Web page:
The occasional dandelion can be dug out of lawns, and crabgrass is fairly easy to stop by applying a crabgrass preventer each early spring. But weeds that creep through a lawn – especially fast-spreading, root-as-they-go ones that come back every year – are the ones that really cause frustration. These include such common invaders as chickweed (little white flowers), creeping speedwell (blue flowers), wild strawberry (white flowers and tiny red fruits), mugwort (scalloped leaves, pink-purple flowers), bindweed (tubular white flowers) and the king of lawn annoyance—creeping charlie. Also called ground ivy (among a handful of regional nicknames), creeping charlie is a mint-family plant and one-time beer ingredient that has light-purple flowers and glossy, rounded leaves with scalloped edges. These annoying, creeping weeds all have the potential to mat their way over top of turfgrass, ultimately smothering the lawn. If they’re thriving in your lawn, it’s generally a sign that your lawn isn’t in ideal shape in the first place.
Weeds are opportunists. Bare dirt is their ally. So the best long-term solution is to keep the grass as thick and healthy as possible so weeds can’t elbow their way into the planting. In other words, if you beat them to the punch by getting grass there first, you win. If you’re losing that battle, your fight begins with getting rid of the creepers you have.
Identifying the weed, is an important first step. There are numerous online sources to help you do that. Once you know the enemy, check the herbicide label to make sure that product is listed as effective against the weeds you have. We recommend several products with herbicides that kill most broadleaf weeds, including creeping charlie, without harming lawn grass. GreenView Broadleaf Weed Control plus Lawn Food is an excellent option, when you want an all in one weed treatment and fertilizer. Preen Lawn Weed Control is exclusively for lawn weed control, effective on creeping charlie—and a great option when an additional fertilizer application is not needed.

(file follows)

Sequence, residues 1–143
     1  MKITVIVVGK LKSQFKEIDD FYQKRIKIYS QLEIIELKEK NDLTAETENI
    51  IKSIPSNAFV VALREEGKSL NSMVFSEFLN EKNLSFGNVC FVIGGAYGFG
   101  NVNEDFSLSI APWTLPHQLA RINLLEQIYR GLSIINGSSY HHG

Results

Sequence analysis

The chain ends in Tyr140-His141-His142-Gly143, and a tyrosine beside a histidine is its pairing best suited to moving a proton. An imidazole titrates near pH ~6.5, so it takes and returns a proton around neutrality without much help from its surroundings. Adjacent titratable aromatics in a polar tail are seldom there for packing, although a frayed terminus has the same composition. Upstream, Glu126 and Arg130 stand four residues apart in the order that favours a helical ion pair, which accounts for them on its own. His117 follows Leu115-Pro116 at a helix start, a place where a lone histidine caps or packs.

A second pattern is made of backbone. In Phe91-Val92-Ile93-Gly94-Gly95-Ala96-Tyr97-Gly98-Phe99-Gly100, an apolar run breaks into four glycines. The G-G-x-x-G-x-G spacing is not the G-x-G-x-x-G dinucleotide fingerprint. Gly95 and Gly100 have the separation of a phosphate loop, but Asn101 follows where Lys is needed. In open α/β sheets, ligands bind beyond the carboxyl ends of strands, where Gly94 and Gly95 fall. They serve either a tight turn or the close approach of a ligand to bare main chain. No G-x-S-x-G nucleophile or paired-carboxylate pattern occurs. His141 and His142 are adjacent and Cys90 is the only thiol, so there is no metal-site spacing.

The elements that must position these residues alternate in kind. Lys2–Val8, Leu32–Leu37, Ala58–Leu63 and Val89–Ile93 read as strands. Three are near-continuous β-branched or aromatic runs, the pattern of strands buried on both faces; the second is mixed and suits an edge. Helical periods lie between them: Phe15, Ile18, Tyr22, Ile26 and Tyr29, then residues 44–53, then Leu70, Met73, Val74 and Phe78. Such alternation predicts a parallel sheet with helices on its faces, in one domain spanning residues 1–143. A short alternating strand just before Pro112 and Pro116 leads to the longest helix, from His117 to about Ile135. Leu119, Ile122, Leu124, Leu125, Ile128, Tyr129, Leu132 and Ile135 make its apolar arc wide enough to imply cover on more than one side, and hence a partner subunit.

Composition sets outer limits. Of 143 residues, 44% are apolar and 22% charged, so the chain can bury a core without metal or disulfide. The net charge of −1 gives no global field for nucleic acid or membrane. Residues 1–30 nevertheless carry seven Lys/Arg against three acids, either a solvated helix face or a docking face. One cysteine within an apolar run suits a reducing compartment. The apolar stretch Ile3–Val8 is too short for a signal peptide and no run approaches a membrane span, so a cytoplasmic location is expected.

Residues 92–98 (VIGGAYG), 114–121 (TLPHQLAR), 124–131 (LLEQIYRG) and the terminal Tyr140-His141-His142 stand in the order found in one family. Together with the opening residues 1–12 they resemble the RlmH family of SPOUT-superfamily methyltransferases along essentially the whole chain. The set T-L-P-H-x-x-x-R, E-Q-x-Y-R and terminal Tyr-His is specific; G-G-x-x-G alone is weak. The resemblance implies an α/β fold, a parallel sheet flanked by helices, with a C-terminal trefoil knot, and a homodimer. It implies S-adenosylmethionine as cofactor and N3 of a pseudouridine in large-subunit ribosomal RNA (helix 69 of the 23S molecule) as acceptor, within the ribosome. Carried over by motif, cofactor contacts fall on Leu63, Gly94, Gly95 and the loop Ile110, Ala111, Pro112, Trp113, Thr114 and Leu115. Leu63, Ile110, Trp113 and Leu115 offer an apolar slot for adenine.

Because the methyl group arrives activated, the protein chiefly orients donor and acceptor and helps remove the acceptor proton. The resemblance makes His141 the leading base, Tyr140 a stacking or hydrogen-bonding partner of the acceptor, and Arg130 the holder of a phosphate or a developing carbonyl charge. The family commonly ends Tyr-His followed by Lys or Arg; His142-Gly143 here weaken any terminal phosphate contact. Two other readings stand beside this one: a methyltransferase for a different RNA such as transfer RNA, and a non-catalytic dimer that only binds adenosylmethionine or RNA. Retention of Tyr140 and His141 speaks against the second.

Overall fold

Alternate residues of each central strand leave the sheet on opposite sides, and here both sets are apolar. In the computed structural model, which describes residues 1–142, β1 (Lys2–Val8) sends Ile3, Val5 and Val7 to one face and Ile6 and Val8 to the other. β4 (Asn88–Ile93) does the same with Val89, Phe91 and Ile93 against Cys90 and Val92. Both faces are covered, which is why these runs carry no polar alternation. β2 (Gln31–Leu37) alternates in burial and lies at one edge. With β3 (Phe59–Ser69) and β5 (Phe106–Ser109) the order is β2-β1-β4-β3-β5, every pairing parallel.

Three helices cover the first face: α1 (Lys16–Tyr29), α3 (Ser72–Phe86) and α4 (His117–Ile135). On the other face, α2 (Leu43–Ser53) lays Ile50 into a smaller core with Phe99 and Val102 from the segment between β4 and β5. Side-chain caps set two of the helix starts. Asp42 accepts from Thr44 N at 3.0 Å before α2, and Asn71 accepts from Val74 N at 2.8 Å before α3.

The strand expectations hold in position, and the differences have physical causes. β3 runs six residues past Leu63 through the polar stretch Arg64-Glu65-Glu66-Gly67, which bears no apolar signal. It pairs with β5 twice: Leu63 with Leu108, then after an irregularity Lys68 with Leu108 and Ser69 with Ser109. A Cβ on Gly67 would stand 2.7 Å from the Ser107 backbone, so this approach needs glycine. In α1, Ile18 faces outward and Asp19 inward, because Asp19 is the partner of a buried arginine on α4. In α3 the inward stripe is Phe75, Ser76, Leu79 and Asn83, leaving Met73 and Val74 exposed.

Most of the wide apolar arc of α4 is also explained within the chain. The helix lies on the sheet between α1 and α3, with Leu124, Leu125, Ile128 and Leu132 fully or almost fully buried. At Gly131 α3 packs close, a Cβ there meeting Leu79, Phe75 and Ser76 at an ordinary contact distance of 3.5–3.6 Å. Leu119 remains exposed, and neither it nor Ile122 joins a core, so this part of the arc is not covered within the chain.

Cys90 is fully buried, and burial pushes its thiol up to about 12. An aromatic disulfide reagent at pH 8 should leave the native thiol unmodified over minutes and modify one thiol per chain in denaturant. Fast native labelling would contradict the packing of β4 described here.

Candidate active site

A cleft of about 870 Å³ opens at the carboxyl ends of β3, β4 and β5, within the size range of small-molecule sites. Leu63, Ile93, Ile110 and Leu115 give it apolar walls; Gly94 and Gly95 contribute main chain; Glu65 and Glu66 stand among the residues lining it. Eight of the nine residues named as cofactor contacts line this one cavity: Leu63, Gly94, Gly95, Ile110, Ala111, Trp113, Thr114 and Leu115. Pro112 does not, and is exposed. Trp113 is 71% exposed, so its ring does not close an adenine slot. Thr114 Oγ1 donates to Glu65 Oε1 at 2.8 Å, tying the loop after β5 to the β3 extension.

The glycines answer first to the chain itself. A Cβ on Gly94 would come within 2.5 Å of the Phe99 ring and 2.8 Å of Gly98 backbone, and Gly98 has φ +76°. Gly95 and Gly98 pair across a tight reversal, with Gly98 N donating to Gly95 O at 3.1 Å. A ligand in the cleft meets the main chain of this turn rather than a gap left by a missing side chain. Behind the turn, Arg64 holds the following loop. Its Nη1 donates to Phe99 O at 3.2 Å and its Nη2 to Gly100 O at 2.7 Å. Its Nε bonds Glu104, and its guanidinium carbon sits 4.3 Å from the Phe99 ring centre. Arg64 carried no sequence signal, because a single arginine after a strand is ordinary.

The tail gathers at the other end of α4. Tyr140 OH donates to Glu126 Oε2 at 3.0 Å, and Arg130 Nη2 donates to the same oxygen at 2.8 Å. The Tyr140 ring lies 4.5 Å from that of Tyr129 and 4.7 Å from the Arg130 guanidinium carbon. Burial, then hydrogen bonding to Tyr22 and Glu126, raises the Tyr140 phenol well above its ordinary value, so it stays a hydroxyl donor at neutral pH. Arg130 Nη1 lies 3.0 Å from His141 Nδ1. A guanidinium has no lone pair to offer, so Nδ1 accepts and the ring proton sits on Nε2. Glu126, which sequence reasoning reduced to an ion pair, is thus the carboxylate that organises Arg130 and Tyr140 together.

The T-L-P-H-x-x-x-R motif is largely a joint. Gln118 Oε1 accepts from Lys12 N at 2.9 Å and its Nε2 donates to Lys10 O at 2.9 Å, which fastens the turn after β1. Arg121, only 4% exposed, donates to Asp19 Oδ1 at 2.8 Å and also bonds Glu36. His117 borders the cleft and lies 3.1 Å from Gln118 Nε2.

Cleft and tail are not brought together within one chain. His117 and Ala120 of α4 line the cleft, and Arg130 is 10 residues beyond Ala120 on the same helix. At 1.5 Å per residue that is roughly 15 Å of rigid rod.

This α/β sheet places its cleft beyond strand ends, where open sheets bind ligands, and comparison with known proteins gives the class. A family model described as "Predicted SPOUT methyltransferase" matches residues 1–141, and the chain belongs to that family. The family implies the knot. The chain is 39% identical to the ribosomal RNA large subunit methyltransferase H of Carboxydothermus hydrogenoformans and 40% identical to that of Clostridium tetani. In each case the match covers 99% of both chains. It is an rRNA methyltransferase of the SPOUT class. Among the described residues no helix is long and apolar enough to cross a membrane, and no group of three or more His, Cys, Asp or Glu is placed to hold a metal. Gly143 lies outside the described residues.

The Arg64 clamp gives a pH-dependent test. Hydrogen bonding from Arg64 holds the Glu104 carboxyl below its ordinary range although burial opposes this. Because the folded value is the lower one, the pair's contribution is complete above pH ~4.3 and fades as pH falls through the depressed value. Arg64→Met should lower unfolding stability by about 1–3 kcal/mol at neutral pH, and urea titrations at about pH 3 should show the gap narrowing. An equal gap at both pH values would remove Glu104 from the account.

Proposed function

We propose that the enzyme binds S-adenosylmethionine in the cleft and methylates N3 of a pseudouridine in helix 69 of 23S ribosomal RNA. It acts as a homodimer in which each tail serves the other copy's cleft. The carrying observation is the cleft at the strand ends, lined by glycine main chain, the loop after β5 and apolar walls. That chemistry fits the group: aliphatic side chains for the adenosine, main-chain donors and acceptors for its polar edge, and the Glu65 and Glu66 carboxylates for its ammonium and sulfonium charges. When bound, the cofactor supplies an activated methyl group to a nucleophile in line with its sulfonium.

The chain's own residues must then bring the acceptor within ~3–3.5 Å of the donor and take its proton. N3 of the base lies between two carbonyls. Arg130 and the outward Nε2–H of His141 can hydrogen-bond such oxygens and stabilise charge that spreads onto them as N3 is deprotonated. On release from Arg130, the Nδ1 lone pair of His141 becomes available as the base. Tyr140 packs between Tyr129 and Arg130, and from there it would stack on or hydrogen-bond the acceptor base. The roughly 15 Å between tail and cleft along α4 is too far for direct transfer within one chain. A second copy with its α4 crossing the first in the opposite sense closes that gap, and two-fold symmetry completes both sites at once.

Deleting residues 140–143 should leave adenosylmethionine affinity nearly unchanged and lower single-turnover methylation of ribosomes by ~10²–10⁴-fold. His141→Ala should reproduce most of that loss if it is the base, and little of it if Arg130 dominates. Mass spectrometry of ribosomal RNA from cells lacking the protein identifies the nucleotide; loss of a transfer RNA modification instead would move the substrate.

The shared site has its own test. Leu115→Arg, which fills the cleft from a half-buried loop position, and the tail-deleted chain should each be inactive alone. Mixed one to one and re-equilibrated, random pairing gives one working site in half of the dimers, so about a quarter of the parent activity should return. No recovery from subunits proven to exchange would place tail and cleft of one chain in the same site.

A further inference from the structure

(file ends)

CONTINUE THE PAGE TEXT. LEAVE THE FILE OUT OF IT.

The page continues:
Although herbicides are effective any time a treatable weed is actively growing, one of the best windows for perennial creepers like creeping charlie, wild strawberry and bindweed is early fall. That’s when these weeds are beginning to transfer energy to the roots for winter and when they’re more vulnerable to herbicide action. So if your first try at killing a creeper isn’t very effective, try again at a different time. It’s also not unusual for some of the tougher weeds to need two or three treatments before they finally give up. Follow the label for how often applications can be made.
By eliminating existing weeds, you’ll clear the soil and pave the way to fill the space with new grass seed. Once the creepers are knocked back, get new grass in place as soon as the herbicide label says it’s OK – usually within a few weeks. Early fall and early spring are two ideal times to plant grass seed, but it can sprout any time during the growing season so long as the ground is kept consistently damp.
Then it’s a matter of “playing good defense” to encourage grass to grow as quickly and thickly as possible to head off any weedy return.